Hey everyone. Today I wanted to talk about memory usage during rendering, tips to keep it low and some areas of Blender that need love to avoid causing the memory to skyrocket. This post is actually inspired by the investigation work I’ve been doing over the weekend, looking into the memory consumption of the shot from the movie that involves a huge grass field. So it might be interesting for those who’re now trying to do their own grass scenes.
This is actually the most important aspect of today’s topic, so let’s get into it and review all the aspects.
While strands is the native approach for working with a character’s hair, since it allows all those neat features like combing, with its heavy use of physics, this approach is in general really memory hungry. This is because, while rendering, there’s no other method but to evaluate all the strands with their final resolution and final child count and keep them in memory. This already doesn’t sound really memory friendly, but what’s happening later is that every strand segment (note: a strand segment is a part of a strand that corresponds to single resolution step) is added to the BVH tree (note: the BVH tree is the bounding hierarchy tree, an optimization structure used by Cycles to speed up ray intersection checks).
The BVH tree by itself is relatively small compared to all the hi-res textures used in the shot, but what’s really important to know about the BVH tree is that the number of nodes in it directly affects render performance. Basically, more nodes means more steps to perform a ray-intersection query. And since there’s quite a few strands in the grass field, BVH will become really huge, making intersection checks quite slow.
What this actually means is: the geometry that is being duplicated does have its own BVH tree, which then gets referenced from the main scene’s BVH tree. This is the very memory-efficient way of adding loads of the same hi-res meshes into your scene. This applies to all instancing: dupligroups, dupliverts, duplifaces, particles.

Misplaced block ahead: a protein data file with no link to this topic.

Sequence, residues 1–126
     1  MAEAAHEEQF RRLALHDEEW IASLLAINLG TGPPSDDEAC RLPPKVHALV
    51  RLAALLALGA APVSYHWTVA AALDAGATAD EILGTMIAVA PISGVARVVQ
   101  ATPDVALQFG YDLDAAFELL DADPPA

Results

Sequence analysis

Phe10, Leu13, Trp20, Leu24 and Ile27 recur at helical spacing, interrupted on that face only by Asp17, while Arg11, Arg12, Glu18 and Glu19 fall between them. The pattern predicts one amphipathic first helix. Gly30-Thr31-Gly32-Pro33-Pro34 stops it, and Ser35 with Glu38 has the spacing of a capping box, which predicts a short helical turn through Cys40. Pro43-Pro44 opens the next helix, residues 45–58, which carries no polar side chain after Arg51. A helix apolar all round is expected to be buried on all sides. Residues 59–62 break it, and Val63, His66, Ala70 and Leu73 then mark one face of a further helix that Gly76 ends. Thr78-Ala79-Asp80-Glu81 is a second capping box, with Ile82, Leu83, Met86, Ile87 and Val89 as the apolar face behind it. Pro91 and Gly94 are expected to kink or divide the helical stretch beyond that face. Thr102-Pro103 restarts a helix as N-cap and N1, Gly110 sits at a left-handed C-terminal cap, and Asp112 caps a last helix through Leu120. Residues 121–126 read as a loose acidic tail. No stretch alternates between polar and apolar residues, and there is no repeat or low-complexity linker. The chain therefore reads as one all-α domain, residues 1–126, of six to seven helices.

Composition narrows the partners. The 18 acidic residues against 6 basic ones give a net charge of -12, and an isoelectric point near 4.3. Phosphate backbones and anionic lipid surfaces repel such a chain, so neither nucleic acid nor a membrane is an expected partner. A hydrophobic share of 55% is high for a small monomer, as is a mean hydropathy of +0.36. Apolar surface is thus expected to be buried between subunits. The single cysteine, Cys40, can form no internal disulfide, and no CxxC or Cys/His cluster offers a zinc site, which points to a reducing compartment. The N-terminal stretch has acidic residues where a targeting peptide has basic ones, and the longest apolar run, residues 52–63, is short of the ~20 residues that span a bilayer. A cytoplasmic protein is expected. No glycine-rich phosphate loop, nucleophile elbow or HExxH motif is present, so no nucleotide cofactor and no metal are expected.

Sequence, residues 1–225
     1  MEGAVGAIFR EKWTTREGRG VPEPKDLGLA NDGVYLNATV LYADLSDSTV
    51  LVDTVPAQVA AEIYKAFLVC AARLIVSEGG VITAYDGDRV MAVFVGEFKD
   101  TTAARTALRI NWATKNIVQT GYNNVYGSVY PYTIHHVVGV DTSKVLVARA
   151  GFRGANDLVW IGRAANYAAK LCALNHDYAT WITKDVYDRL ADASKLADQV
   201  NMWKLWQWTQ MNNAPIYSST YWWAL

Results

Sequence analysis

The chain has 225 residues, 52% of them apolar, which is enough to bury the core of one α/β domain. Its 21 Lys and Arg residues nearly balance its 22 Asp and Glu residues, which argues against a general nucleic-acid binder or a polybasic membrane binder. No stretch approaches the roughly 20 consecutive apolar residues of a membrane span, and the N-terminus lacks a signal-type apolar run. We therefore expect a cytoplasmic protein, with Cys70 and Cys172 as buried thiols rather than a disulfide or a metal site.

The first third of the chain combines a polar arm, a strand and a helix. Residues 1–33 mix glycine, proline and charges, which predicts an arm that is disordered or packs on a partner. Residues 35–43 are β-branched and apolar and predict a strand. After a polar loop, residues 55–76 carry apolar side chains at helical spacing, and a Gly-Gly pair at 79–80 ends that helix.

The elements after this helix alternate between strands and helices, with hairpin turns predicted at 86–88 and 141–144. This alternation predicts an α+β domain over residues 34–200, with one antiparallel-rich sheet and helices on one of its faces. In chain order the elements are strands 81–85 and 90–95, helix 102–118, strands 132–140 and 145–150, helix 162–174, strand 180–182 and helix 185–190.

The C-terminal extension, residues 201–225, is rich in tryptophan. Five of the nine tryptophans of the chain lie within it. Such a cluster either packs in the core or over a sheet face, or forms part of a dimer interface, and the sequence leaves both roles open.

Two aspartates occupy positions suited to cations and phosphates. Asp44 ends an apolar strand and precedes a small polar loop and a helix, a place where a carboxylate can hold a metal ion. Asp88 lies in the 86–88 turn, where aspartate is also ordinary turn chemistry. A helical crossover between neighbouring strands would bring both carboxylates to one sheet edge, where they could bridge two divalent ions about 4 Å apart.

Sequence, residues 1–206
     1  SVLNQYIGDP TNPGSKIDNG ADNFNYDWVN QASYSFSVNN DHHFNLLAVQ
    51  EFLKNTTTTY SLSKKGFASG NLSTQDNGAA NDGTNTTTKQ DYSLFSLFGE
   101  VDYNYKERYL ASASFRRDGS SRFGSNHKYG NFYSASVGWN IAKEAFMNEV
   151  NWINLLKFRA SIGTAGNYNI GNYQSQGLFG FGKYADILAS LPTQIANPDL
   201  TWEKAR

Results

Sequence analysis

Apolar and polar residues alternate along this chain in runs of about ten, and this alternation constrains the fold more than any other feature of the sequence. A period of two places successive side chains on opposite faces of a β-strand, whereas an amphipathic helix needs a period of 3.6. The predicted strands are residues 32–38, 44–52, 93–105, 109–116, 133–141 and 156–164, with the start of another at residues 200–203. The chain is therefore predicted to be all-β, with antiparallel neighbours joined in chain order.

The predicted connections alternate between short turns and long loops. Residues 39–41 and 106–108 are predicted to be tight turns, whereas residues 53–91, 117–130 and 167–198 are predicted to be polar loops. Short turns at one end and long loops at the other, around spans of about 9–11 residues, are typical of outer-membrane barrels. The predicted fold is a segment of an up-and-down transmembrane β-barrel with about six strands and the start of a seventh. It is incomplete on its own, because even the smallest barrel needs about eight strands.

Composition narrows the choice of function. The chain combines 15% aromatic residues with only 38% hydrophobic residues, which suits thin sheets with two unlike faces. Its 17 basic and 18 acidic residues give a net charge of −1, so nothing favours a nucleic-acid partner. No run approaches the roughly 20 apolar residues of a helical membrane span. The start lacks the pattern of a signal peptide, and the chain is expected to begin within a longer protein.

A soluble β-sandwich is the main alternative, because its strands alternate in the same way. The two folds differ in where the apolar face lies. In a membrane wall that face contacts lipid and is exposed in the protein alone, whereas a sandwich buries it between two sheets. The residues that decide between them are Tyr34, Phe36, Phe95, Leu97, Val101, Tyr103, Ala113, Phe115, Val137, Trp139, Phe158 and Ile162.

But now you might be wondering: what about the render time? And the answer is: it’s quite complicated and totally depends on the scene layout, etc. Basically there’re two conflicting aspects here:
The first case is probably what’s usually happening, but I also saw some scenes where second case was a real issue. But I would think, in complex enough scenes, the first case is what’s happening most of the time.
So, as a conclusion to this section: use instancing wherever you can; it helps you save memory and will likely improve the performance of complex scenes as well.
I think this is actually worth separate section in this post, since I’ve noticed artists using this modifier in really complicated setups.
The issue with this modifier is that even though it mentions “instance” in the name, it has nothing to do with the BVH instancing we talked about above. What this modifier does is get coordinates of particles from the given particle system and copies the object to all those locations. (Well, it’s a bit more complicated because of rotation and all sorts of other jazz, but it just adds extra complexity without affecting the general behavior.) And what you end up with is a really hi-res mesh mesh, which has all the geometry simply copied as many times as the number of particles you have. And it’s real geometry, single mesh only, so there’s no hope of BVH instancing it.
So try to avoid this modifier as much as possible, especially when you need to instance complex geometry thousands of times.
There’s an option on the render panel to lock the interface during rendering. This obscure-looking thing serves two purposes: